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History of Disability Collections

Find out more about the history of disability in our collections.

Introduction

When researching this topic, it is difficult to find source material relating to disability as many of the references are either outdated or descriptive, making searching for keywords difficult. As well as this, usually the only data available is through official or medical sources, with little from the disabled perspective. Therefore, detective work and creative thinking is needed to find these sources and experiences, especially with mental and hidden disabilities. Since disability history is an emerging area, new areas to look for information are coming to light, and examples are seen in Historic England's History of Disability and the The National Archives Disability history research guide. Historic England has a useful  Disability History Glossary that can be used in looking for historic documents.

Secondary works often provide primary sources in their references and bibliographies. Looking in other areas or collections will also be useful. Religious history collections include records of hospitals looking after disabled people and saints associated with different conditions. Military history is useful for looking at how people became disabled as well as employment history. Social Policy history is useful for looking at the changes in policy and culture that impacted disabled people and their culture. Where disability history is just one aspect among many themes in a source, searching the catalogue for disabled, disability and related terms is unlikely to identify it, so wider searches and shelf-browsing may be needed to uncover the wide variety of sources.

Creative thinking about terminology is also needed when searching databases. Often when talking about disability in the past, outdated and offensive terms were used, instead of modern ones. So in looking for sources, older terms will have to be used as well as the modern ones. Many learning, social or hidden disabilities were not recognised or identified correctly, with different terminology given to them than would be given today. Some online resources such as the Times Digital Archive and the Historical Thesaurus of the Oxford English Dictionary have tools for looking at changing usage and frequency over time of disabled terms and their changing categorisation.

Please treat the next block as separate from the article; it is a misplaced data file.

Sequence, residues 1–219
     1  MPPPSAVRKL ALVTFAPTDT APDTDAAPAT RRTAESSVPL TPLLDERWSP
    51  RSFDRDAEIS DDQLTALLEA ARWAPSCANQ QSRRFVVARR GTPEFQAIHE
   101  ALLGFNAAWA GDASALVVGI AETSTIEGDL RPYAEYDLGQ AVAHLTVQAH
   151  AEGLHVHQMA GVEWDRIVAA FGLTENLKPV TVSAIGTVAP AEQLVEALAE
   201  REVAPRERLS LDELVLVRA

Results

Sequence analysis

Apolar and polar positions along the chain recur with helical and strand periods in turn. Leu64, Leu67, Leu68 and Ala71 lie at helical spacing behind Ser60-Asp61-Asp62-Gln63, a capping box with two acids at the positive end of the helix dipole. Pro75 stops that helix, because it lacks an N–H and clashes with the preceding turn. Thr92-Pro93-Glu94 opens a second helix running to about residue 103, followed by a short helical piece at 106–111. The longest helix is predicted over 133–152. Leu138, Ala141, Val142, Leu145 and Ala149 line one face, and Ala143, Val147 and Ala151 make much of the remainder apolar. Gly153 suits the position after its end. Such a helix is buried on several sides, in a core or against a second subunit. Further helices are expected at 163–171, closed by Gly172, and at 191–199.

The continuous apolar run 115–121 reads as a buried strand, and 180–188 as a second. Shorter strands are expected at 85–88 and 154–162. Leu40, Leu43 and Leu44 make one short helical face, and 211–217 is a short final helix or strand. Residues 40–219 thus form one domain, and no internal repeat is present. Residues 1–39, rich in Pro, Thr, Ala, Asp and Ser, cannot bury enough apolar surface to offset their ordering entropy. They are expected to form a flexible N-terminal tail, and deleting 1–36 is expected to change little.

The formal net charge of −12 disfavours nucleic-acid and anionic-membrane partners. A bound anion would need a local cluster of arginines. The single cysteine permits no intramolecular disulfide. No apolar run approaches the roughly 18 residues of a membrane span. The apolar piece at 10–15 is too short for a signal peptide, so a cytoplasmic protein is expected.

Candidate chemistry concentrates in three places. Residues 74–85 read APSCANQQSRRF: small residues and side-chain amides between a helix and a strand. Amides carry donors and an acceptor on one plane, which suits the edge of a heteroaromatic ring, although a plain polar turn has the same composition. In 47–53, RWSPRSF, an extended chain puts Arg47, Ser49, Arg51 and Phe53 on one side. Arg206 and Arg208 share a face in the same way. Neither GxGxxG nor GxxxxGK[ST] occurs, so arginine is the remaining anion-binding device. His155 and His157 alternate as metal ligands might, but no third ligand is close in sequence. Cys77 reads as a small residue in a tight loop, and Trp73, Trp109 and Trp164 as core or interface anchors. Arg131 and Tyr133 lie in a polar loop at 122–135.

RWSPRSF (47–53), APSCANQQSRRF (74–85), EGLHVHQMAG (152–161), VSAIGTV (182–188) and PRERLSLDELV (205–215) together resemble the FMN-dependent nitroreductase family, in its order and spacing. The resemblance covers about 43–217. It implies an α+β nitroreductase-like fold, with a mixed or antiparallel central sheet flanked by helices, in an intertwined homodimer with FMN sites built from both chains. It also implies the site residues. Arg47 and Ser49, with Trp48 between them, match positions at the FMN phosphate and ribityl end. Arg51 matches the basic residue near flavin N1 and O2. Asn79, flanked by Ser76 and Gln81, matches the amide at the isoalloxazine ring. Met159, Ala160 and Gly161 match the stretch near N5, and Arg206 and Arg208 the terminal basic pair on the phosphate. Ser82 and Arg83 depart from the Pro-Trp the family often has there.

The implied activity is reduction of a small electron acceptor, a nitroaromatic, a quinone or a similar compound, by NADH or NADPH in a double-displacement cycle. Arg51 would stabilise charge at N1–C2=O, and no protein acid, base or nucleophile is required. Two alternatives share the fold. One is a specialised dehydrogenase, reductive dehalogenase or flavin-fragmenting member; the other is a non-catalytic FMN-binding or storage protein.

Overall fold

General works

A variety of sources are held for different disabilities and the policies surrounding them. These include Petitions, Parliamentary Debates and Proceedings, Reports and Acts of Parliament. See also the separate Guide to UK Parliamentary History Collections in the library. A few examples of Parliament records dealing with disability are listed below.

Drama Online

Drama Online includes plays which look at the concept of disability and feature people with disabilities, for example Nobody here but us chickens and Sauce for the goose. This is useful for looking at the cultural perceptions of disability and how they were portrayed on stage. These plays usually can be found by keywords related to disability, including outdated ones.

Literature Online

Literature Online includes historical literature and novels that portray fictional characters with disabilities. This is useful for looking at the cultural perceptions of disability and how they were portrayed in fiction. These texts usually can be found by keywords related to disability, including outdated ones. Below are some examples of literature that feature disability.

Mass Observation Online holds many records and original sources, some of which concern disability. These can be searched for using keywords linked to disability or in topic collections, such as the one below telling us about attitudes towards Blind people in 1947 through surveys:

Census material sometimes indicates an individual’s disability. The IHR library has access to some census material, although not complete coverage. It also has guides to census material. For the UK, see also The National Archives guide to census records